For those who don’t know how our daily bread is made, here’s a quick rundown on how it happens. First comes the flour, which comes from a variety of grains, though wheat is the most common, although sometimes it comes from legumes or even fruits. Then this flour needs to go through a fascinating process called leavening that transforms it into something lighter and softer. Apologies to the impatient, as the agent of this process takes some time to work its magic. After you’ve waited, and waited some more, the dough should be kneaded, and probably kneaded some more (with more waiting in between), before it’s finally baked in an oven. And that’s it.
Now, what does this process of leavening entail? In order to not get too chemical and avoid being plagiarized by some scientific magazine, let’s just say that there are microorganisms in the environment called yeasts, which are fungi. They feed on your flour, causing it to multiply and change its composition. For this to happen we can use live yeast, the one often sold in your local store. Or, if you really want to get into it, you can use the sourdough method, which you are probably already getting impatient to find out what the heck it is.
Dough to start it all
Just remember, patience is a virtue, because this method will take us five days. It’s simple enough to start, basically you mix water and flour. Any flour is good, but the better option is whole wheat. The water, ideally, should be chlorine free. If it comes out of the faucet, let it rest for one hour, or use mineral water. Use a clean glass or plastic container with ample room for your creature to grow. Simply mix equal amounts of flour and water, depending on how much you want. Stir until you have a homogeneous mixture and cover it with a clean cloth and leave it to rest for 24 hours. The next day, do exactly the same again, but add a spoonful of sugar to the mixture. Wait another 24 hours. On the third day we repeat the steps of the first day, without any sugar. On the fourth day we should be able to remove a brown layer from the surface, a very good sign. That day we add only flour, no water. Mix and let rest for another 24 hours covered with a dish towel, so that it breathes. On the fifth day, the dough is ready.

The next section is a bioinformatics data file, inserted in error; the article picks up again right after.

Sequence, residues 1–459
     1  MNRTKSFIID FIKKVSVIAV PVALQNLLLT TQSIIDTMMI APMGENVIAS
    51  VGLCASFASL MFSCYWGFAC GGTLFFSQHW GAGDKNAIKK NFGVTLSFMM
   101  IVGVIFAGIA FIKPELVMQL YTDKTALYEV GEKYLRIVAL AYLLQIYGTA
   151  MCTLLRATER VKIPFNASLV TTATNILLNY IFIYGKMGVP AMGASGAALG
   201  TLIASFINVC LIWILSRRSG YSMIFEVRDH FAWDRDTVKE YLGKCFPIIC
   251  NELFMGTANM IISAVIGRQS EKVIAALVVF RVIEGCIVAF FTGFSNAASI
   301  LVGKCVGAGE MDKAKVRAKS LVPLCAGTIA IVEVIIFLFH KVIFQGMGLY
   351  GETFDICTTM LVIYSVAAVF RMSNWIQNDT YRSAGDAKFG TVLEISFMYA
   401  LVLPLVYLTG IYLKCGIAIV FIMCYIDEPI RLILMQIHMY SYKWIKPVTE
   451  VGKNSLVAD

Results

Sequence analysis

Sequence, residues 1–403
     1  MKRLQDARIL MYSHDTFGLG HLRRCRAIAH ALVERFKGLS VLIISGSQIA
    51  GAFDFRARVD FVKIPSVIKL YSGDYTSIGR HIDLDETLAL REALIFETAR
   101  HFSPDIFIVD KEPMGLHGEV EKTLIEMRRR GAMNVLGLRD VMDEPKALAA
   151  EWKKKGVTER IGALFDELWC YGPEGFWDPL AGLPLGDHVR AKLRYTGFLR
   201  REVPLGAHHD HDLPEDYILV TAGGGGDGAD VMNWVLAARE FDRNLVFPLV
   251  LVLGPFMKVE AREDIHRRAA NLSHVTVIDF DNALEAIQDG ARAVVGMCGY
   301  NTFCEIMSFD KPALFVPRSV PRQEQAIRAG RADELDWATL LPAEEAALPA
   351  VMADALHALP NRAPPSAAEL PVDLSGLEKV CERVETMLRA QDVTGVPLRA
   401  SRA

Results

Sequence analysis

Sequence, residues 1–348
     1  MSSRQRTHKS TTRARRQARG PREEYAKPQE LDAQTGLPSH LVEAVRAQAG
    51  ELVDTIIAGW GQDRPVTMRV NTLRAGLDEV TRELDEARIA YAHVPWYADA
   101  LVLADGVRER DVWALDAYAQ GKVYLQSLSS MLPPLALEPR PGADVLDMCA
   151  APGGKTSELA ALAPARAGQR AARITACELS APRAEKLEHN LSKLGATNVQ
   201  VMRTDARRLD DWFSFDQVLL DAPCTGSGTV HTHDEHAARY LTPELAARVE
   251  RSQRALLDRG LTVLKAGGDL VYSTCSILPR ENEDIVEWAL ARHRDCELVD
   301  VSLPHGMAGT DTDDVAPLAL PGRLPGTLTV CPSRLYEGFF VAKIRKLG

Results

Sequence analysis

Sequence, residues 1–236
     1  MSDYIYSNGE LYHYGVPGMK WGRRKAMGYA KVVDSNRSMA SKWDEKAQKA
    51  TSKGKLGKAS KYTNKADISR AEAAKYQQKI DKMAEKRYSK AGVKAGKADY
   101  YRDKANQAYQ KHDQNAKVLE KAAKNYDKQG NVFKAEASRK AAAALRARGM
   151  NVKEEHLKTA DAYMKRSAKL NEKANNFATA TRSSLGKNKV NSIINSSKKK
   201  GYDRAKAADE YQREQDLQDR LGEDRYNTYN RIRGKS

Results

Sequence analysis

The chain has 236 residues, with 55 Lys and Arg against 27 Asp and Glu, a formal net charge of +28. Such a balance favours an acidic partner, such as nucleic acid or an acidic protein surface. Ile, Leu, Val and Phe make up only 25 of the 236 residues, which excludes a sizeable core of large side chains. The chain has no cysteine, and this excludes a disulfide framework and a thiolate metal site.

Like all art, the forms and combinations are infinite. There are a variety of flour types, different fungi, mixtures, sugars, and every element that is part of this fascinating process. For example, you can mix this dough with yeast, there are no restrictions. But the benefits of using a sourdough starter, which is considered the artisanal way, are that the bread has more flavor, more body, as well as more acidity and consistency than one made with yeast, plus the bread stays fresher and crispier longer. But if you don’t believe me, why not head into your kitchen and try for yourself.
In case this little dive into sourdough has left you longing to get your hands dusty with flour, I’ll leave you with this recipe.
Sourdough bread with sunflower seeds
- 500 g flour of your choice
- 8 g salt
- 300 ml water
- 140 g sunflower seeds
- 170 g sourdough starter
- Mix the flour and salt in a bowl
- Form a well in the center and add the water
- Stir everything together and mix in the seeds (the mixture should be uniform, neither too watery nor too dry)
- Let it rest for at least one hour, ideally at 20-22°C
- Add our sourdough starter and knead together for at least 10 minutes. Cover and let the dough rise for 8 to 24 hours
- Once the dough is ready, form it into the desired shape and make some cuts across the top (scoring the dough prevents cracking as it expands during the baking process)
- Preheat the oven to 220°C
- We can sprinkle a bit of water on the dough during the first 12 minutes of baking or put a heat resistant container of water in the oven because it is better baked “wet”
- Bake for about 40 to 50 minutes, until it is pierced with a toothpick and nothing sticks to it, or the outer crust is golden brown and firm
Let it cool for about 45 minutes and then enjoy!